KanCare changes loom for disability services
By KALEY CONNER
By KALEY CONNER
Long-term support for Kansans with intellectual and developmental disabilities will be carved into KanCare on Jan. 1, despite public opposition from service providers and people with disabilities throughout the state.
Advocates asked the Legislature to permanently exclude long-term, home-based supports from the state's revamped Medicaid program, administered by three for-profit companies. When the legislature adjourned June 2, no such action had been taken.
"I wouldn't say our cautions are diminished, but they've changed," said Jerry Michaud, president of Developmental Services of Northwest Kansas. "We know we're on this path, so we're kind of rolling up the sleeves and saying OK to ... the administration. Let's use this time proactively to problem-solve and anticipate where we may have some hiccups and try to get those resolved before you go live."
Medical services for the developmentally disabled and long-term supports for other populations -- such as the physically disabled and elderly -- were folded into KanCare earlier this year. The Legislature opted to give IDD services an extra year.
Annual contract negotiations between service providers and the Kansas Department for Aging and Disability Services also have wrapped up. As part of those negotiations, Michaud said state officials have agreed to work with providers through the transition process.
The state also launched an optional pilot program, which gave providers and consumers the opportunity to experience the new system before Jan. 1. Approximately 500 people and 25 service providers are participating in the pilot, said Angela de Rocha, KDADS spokeswoman.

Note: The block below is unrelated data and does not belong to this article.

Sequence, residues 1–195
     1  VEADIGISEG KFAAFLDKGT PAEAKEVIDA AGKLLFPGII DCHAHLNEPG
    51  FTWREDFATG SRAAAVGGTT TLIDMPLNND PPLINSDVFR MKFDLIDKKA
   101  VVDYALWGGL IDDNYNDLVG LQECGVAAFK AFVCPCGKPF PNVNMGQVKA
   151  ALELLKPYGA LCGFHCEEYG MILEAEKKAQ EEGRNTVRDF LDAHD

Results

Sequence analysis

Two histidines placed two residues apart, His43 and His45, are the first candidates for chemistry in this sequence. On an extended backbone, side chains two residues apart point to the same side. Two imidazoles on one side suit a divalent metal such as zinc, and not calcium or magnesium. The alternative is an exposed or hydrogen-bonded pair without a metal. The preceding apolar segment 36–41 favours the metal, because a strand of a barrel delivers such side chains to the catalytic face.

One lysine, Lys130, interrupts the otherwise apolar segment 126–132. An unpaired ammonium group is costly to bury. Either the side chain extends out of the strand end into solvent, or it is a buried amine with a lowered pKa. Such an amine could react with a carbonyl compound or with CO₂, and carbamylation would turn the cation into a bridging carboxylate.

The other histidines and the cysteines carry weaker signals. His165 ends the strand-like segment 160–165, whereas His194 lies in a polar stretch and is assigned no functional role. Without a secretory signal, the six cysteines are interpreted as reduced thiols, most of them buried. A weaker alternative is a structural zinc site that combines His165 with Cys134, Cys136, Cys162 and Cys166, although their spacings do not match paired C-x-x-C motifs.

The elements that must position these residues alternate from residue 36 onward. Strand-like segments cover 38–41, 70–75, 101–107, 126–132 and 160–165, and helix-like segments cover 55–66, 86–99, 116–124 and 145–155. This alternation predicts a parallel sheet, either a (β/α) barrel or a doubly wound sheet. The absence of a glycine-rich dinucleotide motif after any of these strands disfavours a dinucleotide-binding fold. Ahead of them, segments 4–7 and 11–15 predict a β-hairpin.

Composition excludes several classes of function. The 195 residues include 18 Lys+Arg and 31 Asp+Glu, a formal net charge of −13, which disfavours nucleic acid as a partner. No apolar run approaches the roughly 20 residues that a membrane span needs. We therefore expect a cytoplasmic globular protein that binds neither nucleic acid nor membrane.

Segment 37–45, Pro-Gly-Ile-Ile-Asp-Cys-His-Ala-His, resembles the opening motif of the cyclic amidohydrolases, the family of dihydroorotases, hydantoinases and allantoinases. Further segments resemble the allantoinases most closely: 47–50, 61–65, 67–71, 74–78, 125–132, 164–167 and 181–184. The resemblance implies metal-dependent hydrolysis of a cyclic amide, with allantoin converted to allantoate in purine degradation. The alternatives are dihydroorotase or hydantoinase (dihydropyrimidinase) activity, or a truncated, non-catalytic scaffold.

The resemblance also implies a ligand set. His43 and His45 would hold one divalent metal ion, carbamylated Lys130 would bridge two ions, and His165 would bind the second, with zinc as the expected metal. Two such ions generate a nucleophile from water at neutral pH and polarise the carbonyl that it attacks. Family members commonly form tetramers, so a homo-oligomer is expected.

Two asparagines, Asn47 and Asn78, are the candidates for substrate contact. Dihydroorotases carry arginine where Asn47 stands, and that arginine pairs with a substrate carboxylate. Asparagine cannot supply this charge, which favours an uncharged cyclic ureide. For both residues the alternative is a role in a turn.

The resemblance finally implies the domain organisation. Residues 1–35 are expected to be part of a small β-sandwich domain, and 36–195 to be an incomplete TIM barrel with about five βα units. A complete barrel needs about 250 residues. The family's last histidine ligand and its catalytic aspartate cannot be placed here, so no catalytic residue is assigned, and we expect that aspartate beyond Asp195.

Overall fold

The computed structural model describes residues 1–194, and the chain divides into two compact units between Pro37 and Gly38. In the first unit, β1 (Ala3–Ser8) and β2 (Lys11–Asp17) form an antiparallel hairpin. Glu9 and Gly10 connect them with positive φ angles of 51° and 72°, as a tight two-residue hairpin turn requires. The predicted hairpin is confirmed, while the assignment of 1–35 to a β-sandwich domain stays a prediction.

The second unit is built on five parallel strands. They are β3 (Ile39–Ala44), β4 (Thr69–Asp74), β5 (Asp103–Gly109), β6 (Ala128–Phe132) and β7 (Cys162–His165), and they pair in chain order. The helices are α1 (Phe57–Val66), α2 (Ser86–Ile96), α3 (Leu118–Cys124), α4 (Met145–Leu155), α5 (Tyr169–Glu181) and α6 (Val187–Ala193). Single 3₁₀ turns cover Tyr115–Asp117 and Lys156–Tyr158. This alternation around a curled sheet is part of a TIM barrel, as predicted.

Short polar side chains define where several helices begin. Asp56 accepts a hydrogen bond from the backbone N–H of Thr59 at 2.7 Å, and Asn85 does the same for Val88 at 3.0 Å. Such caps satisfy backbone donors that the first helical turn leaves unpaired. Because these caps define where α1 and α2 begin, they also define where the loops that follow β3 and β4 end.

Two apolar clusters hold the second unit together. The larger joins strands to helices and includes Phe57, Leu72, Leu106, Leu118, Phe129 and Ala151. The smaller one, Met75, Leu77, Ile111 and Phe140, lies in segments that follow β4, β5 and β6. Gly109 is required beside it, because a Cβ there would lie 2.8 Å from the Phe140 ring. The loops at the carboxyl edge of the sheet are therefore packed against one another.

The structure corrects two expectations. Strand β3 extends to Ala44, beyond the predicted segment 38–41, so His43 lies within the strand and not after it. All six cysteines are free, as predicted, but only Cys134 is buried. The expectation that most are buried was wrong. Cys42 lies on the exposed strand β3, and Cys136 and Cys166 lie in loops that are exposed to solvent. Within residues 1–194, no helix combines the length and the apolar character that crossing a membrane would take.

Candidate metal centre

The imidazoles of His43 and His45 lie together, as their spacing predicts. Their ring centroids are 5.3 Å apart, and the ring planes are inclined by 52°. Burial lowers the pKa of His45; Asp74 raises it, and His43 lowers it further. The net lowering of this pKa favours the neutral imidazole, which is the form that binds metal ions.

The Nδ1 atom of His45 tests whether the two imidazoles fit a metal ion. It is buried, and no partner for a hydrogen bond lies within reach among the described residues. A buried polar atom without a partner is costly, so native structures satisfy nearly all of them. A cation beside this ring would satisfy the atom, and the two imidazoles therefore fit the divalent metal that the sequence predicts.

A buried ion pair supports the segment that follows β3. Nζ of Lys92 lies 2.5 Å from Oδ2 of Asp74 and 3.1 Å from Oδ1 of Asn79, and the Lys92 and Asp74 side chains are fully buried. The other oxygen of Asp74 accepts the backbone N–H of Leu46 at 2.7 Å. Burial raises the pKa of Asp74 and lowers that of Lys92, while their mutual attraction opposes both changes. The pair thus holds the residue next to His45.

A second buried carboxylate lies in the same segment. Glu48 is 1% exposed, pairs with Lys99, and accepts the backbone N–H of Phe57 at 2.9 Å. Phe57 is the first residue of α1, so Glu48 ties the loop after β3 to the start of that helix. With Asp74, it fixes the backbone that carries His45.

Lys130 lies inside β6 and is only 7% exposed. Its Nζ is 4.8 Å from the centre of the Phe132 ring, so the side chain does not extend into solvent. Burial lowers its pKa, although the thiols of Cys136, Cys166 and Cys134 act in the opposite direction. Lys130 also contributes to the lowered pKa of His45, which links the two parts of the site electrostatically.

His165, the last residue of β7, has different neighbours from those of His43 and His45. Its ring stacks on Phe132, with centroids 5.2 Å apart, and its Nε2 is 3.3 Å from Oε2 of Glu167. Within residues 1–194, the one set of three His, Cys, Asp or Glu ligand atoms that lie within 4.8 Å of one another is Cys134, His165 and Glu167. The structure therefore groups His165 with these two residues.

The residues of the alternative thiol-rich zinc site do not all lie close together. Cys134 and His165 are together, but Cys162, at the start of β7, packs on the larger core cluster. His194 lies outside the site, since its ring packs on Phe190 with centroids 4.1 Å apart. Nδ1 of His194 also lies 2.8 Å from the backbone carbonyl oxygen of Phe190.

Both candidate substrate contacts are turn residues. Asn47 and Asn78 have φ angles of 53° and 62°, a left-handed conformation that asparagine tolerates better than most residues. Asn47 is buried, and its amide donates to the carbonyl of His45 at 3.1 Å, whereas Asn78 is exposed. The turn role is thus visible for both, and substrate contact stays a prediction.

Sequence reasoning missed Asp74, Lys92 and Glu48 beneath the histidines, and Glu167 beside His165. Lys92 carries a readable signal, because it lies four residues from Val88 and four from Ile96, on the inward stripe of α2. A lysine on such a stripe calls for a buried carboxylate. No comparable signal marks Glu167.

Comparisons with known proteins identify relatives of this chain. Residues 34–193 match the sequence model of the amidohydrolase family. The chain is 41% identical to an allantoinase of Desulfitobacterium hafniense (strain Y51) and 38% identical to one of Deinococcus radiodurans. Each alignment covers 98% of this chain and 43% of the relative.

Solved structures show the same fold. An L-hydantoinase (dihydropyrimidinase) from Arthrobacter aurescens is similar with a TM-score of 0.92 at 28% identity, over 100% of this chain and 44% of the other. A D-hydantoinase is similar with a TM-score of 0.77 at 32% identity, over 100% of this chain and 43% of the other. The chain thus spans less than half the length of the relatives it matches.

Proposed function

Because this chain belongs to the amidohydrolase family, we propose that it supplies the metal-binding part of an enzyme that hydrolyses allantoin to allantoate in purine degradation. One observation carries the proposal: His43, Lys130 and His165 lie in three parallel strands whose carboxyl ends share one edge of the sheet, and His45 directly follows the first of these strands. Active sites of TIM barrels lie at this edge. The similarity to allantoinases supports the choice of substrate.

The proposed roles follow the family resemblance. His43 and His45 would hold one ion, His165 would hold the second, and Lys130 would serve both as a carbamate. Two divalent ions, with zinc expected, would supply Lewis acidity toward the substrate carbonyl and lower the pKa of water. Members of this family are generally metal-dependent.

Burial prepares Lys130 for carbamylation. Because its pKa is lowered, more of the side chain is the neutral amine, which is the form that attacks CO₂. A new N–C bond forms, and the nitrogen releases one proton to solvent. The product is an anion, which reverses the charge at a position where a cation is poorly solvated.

"A lot of the work we're doing on the pilot project is focusing on the providers and billing system," she said. "We're hoping that by the time Jan. 1 rolls around, that we will have confronted all of what might turn out to be problems and challenges, and resolve them when the entire population in the IDD waiver is included in KanCare."
Gov. Sam Brownback's administration maintains the KanCare program will save money and lead to better outcomes.
"The big thing to remember here is what we're doing is paying for outcomes. Under the (old) system, we're just paying for volume of services," she said. "Under KanCare, we're paying for these people to have better mental health and developmental disability health and overall health to better outcomes for all those three areas of their care they're receiving from the state."
Approximately 82 percent of DSNWK's revenue comes through the state Medicaid waiver.
A small percent of DSNWK's services was incorporated into KanCare this year. The experience thus far has not necessarily been positive, Michaud said.
Early this year, the local organization experienced delayed Medicaid payments of a sum exceeding $125,000. Payment issues seem to be diminishing, he said, but DSNWK has not yet reached contracts with any of the Medicaid providers for the covered services.
Providers were given 90 days after Jan. 1 to finish contract negotiations. Though DSNWK was not able to meet that deadline, the administration has assured full payments will continue as long as the organization is working to establish contracts, Michaud said.
Despite those assurances, one of the managed care organizations recently sent DSNWK a letter advising payments would cease after 180 days, or after June 30. Administrators are working to resolve the issue, he said.
"It's a bit of a roller coaster ride in trying to say this shouldn't be so complicated, but it is and it's been that way," Michaud said. "We're trying to weather that as best we can, but the reality is we still don't have contracts, and we're working to get there."